Hospital helps chronically ill prepare for disaster

CMs make sure eligible patients sign up for shelters

As hurricane season approaches each year, case managers in North Broward Hospital District's disease state management programs work with their patients to make sure they will be safe if a storm hits the area, causing flooding and power outages.

Patients without insurance and some Medicaid patients are eligible for the Ft. Lauderdale, FL-based hospital system's chronic illness program for patients with diabetes, asthma, hypertension, congestive heart failure, HIV-AIDS, breast cancer, and high-risk pregnancies. The program is part of the North Broward Hospital District, a health care system that includes five acute-care facilities and 11 primary care sites.

Case managers, located in the health system's primary care clinics, work with patients to help them understand and learn to manage their disease. They work on medication adherence, remind them of follow-up doctor appointments, and educate them on tests and procedures, such as eye examinations for diabetics.

"One of the goals of our case management program is to keep our patients healthy and help them avoid hospitalization or trips to the emergency room. As part of the program, we help them be prepared for a hurricane so they can stay healthy in the event of flooding or power outages," says Lori Kessler, BSW, MHSA, district manager for the disease state management programs.

Many of the elderly, unfunded, and underserved patients in South Florida live in trailer parks, which are particularly vulnerable in bad weather. "As we approach hurricane season, the case managers find out where their patients live and determine if there is an evacuation plan and if there is a shelter in the area," Kessler says.

They make sure that patients in low-lying or otherwise vulnerable areas are registered either with American Red Cross or medical shelters in the area. The case managers concentrate on the patients who live closest to the ocean in areas where there is a higher risk of flooding. If the patients are medically fragile, or need oxygen, the case managers make sure they are registered for a medical shelter where they can go during a storm. They provide their patients with the telephone number and location of the shelter and encourage them to go there before the storm.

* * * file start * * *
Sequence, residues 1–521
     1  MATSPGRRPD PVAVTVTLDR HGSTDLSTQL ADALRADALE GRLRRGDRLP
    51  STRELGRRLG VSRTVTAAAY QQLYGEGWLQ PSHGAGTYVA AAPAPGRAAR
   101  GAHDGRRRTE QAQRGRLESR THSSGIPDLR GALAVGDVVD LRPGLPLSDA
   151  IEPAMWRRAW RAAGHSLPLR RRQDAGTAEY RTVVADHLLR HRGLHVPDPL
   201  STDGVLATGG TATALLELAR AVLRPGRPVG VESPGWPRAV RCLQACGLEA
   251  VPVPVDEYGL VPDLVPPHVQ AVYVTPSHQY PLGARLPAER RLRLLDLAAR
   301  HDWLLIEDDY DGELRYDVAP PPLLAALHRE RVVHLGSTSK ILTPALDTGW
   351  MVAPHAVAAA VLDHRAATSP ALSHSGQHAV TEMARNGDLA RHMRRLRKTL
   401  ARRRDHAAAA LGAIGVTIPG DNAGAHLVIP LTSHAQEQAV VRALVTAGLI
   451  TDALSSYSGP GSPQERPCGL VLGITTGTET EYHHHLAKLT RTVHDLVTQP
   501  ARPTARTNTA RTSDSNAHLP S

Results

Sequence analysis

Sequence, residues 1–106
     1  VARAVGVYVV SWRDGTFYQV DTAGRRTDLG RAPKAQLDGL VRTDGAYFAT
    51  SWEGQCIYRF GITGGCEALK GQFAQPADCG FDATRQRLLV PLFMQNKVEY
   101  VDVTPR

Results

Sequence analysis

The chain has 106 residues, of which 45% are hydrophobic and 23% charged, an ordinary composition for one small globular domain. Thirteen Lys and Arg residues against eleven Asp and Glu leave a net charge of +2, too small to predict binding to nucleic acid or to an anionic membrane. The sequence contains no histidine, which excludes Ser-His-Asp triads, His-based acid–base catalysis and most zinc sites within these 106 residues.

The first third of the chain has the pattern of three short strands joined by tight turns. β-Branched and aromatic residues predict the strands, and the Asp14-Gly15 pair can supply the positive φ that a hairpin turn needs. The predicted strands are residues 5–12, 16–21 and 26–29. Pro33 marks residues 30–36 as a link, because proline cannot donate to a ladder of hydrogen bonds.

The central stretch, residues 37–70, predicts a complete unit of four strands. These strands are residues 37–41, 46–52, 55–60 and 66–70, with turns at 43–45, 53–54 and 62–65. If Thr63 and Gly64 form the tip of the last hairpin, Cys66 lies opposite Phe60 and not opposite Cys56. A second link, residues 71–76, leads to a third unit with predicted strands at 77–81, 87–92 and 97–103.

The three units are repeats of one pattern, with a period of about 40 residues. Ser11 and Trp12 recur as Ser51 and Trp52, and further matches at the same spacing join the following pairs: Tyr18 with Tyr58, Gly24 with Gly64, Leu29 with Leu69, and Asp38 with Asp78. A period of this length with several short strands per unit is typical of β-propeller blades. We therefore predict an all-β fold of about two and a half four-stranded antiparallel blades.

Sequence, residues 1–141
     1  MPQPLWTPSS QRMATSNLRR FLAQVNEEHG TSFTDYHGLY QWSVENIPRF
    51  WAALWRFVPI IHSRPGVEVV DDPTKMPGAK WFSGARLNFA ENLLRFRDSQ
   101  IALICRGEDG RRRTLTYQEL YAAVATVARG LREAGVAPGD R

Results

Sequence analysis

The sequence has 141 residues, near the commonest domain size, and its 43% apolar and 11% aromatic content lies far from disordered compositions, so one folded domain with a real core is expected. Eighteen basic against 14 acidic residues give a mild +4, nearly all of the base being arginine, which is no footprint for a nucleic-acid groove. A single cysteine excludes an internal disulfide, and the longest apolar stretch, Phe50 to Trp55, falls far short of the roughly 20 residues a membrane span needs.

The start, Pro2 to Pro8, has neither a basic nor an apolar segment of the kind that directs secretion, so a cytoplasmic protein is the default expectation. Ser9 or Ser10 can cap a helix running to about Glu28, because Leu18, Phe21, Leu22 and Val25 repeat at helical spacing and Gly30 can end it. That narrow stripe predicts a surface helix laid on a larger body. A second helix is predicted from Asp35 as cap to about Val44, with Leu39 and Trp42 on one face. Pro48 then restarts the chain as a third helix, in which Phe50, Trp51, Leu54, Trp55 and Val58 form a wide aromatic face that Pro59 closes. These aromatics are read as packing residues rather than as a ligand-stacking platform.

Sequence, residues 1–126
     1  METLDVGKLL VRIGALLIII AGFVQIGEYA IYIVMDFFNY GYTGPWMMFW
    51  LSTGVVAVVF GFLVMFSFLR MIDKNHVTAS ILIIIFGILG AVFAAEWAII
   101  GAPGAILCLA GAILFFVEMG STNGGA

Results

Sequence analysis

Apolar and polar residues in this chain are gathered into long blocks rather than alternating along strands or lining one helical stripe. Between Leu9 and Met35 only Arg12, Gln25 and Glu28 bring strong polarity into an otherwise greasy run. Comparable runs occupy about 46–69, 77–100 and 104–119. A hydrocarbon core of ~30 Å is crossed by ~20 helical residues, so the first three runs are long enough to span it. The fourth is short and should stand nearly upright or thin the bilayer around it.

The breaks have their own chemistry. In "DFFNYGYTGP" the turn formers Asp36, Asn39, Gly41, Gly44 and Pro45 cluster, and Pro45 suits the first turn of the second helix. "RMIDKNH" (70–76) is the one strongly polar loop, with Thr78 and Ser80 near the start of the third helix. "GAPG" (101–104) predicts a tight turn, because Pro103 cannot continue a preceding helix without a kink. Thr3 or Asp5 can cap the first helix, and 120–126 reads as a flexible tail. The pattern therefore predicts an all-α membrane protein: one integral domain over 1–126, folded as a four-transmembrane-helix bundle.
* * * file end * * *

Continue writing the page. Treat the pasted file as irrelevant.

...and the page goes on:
"We encourage them to keep enough medications so that they can take care of themselves when they are out of the home. The shelters have a full medical team to ensure the patient's safety and well-being during the storm," she says.

The case managers make sure that all of their patients who qualify for a medical shelter or a Red Cross shelter are signed up with the shelter. If patients elect to remain in their own homes, case managers make sure they have enough food, water, and medication to last a week. They educate patients on items they should stock up on, such as batteries, bottled water, and enough food to last a couple of weeks.

"We try to be sensitive to what the patients can afford. We give them lists of foods that they can relate to and urge them to stock up on those," she says.

For instance, since Latin and Caribbean diets typically include beans and rice, the case managers would recommend that these patients buy canned beans and packages of pre-cooked rice, rather than things such as peanut butter or granola bars.

The nurses remind all of their patients to keep enough of their medication in stock in case they are homebound following a storm. They educate them on the necessity for good hydration and diet during a flood or power outages.

After the storm subsides and the health centers reopen, the case managers get in touch with their patients to make sure they are OK and to assess whether any urgent medical issues have come up during that stressful time, Kessler says.

(For more information, contact Lori Kessler, BSW, MHSA, district manager for disease state management programs, North Broward Hospital District; e-mail: